Colonization Capability of Lactobacilli and Pathogens in the Respiratory Tract of Mice

Microbiological, Cytological, Structural, and Ultrastructural Studies

Rosa Cangemi de Gutierrez, Viviana M. Santos, and María Elena Nader-Macías

1. Introduction

Respiratory tract infections are among the bacterial infections that affect humans with higher frequency. Those produced by Streptococcus pneumoniae are reported to have the highest incidence in the world, affecting both children and old people. As a 2001 report from the World Health Organization (I) expressed it, the basic fight of children under 5 yr old is to survive. Five different conditions (acute respiratory infections, diarrhea, measles, palludism, and undernutrition) directly produce more than 50% of the deaths in this age group. Respiratory tract infections in the developing countries in the Americas are among the first three causes of death in children under 1 yr and between the first and second cause in children between 1 and 4 yr old. Pneumonia is responsible for 85 and 90% of deaths in children under 5 yr old (approx 150,000 annually), 95% of them occurring in the developing countries in the Americas.

There is an increased worldwide tendency to use preventive measures and to consume products that help to maintain the health status of the individual. Thus the use of probiotics has increased systematically during the last decade, and the scientific literature trying to demonstrate the positive effect of such preparations has also increased. The term probiotic (2) has been applied to products that (1) contain live microorganisms, freeze-dried or included in fermented products or (2) improve the health status of humans and animals, exerting effects in the mouth or gastrointestinal tract (included in foods or capsules), in the respiratory tract (as aerosols), or in the urogenital tract (by local application)

From: Methods in Molecular Biology, vol. 268: Public Health Microbiology: Methods and Protocols Edited by: J. F. T. Spencer and A. L. Ragout de Spencer © Humana Press Inc., Totowa, NJ

Having in mind the high incidence of respiratory tract infections, and looking for preventive measures as well as the possible applications of probiotics, the aim of this chapter was to use mice as experimental models to determine whether members of the genus Lactobacillus were able to colonize and give protection from infections after inoculation by the intranasal route. To this end, the following procedures were carried out:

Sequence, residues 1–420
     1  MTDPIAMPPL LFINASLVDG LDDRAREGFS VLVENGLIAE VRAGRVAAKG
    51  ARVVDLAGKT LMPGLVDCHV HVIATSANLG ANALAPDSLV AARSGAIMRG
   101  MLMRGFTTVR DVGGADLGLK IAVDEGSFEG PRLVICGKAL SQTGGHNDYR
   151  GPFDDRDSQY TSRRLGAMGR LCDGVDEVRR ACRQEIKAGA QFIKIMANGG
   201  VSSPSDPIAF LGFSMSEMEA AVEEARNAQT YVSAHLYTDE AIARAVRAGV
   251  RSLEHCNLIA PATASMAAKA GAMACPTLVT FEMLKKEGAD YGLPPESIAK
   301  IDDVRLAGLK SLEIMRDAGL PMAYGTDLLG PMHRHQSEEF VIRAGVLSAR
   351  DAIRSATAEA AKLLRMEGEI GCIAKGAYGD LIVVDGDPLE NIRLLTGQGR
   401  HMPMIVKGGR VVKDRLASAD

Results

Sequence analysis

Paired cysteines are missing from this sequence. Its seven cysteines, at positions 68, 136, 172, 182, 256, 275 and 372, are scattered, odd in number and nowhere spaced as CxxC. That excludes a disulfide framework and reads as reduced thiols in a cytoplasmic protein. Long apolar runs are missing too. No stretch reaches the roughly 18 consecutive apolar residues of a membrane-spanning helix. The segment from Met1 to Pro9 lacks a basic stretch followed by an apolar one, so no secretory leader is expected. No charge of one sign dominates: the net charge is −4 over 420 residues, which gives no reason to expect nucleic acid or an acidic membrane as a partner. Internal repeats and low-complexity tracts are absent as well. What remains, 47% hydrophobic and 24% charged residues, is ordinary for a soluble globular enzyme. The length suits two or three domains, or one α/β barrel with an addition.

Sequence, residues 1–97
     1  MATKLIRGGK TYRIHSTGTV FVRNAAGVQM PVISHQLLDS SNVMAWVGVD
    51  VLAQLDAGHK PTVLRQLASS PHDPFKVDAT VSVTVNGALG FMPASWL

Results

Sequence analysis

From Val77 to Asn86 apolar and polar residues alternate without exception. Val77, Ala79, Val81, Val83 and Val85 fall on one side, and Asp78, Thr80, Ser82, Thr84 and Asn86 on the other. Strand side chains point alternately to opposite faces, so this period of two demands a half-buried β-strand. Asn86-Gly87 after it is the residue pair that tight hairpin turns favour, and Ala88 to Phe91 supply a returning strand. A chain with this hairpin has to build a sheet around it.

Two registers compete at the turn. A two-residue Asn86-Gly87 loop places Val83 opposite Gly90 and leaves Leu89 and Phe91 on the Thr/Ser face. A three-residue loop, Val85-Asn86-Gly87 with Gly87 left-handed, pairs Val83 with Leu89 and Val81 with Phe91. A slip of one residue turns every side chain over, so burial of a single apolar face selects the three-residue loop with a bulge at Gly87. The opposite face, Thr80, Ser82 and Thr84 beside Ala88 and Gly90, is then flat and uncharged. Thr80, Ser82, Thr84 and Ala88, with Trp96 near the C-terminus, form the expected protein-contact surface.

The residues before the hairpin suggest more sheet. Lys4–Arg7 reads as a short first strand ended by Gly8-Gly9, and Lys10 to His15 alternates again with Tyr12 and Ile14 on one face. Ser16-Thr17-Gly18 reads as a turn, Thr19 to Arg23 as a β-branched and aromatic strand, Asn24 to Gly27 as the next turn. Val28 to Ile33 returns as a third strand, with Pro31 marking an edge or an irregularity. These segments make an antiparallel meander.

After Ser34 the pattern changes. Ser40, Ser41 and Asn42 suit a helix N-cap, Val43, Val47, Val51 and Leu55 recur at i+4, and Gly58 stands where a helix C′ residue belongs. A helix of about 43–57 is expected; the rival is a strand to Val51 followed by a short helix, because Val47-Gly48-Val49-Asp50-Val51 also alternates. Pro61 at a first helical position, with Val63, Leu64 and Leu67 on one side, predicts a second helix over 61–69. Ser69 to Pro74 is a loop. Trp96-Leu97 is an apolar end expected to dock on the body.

1. Screening of the predominant bacterial species in respiratory organs (3).

2. Study of the kinetics of colonization of the different groups of microorganisms from 15 d up to adult (2 mo) (3).

3. Screening of the probiotic characteristics of all the isolated strains.

4. Determination of the colonization ability of the selected Lactobacillus strains after intranasal inoculation, as well as the optimal dose and amount of microorganisms (4).

5. Experiments to evaluate whether intranasal administration of Lactobacillus fermentum produces some type of modification at the structural or ultrastructural level in the different organs of the respiratory tract (5).

6. Determination of whether L. fermentum could prevent an infection with Streptococcus pneumoniae in the respiratory tract when given by the intranasal route (6).

The first procedures were developed by applying in vitro techniques described in previously published papers (3,4), and also in some other chapters of this book. In this chapter, a detailed description of the methodology applied to animals is given.

2. Materials

2.1. Microorganisms

The microorganisms used in this study were L. fermentum and S. pneumoniae. Lactobacilli were isolated from the respiratory tract of mice, as described previously (3,4). S. pneumoniae was isolated from a human source and characterized as described in a previous paper (6).

2.2. Culture Media

1. Storage: Milk-yeast extract: 10% skim milk, 1% glucose, 0.5% yeast extract, pH 6.5. Sterilize by autoclaving and store at refrigeration temperature. L. fermentum was stored at -70°C in milk-yeast extract.

2. Supplemented Brain-Heart Infusion (BHI): BHI: 5 mg/mL hemin, 0.005% cystein chlorhydrate, 0.5% yeast extract, 100 mg/mL kanamycin, 1 mg/mL vitamin K, final pH 7.4 ± 0.2. Sterilize by autoclaving prior to the addition of antibiotics and vitamins and store at refrigeration temperature. At the time of use, the sterilized basal media is melted and the antibiotic and vitamins added before pouring onto the plates. The vitamins and antibiotics were sterilized by filtration and stored at freezing conditions. S. pneumoniae was stored in glycerol-BHI broth at -70°C.

2.3. Preparation of Microorganisms for Inoculation Into Mice

1. LAPTg broth (7): 15 g/L meat peptone, 10 g tryptone, 10 g yeast extract, 10 g glucose, 1 mL Tween-80, final pH 6.5. Sterilize by autoclaving at 121°C for 15 min). Store at refrigeration temperature. All the media ingredients were obtained from Britania Laboratories (Buenos Aires, Argentina).

2. LAPTg + rifampicin: 15 g meat peptone, 10 g tryptone, 10 g yeast extract, 10 g glucose, 1 mL Tween-80, 1.5% agar, final pH 6.5, prepared as described in step 1. The antibiotic rifampicin was prepared by dissolving the powder in ethyl alcohol and sterilizing by filtration. It was stored for 1 wk at freezing temperature. At the time of use, the antibiotic was defrozen and added aseptically to the melted media for a concentration of 1 mg/mL.

3. Blood-agar: Columbia agar (Britania Laboratories) with 5% human blood. The agar base was sterilized by autoclaving and stored at refrigeration temperature. At the time of use, sterile blood was added for a concentration of 5%.

4. Columbia agar with 5% heated blood: The agar base was sterilized by autoclaving. At the time of use it was melted, the human blood was added for a concentration of 5%, and it was later heated for 15 min at 70°C. This media was prepared prior to use.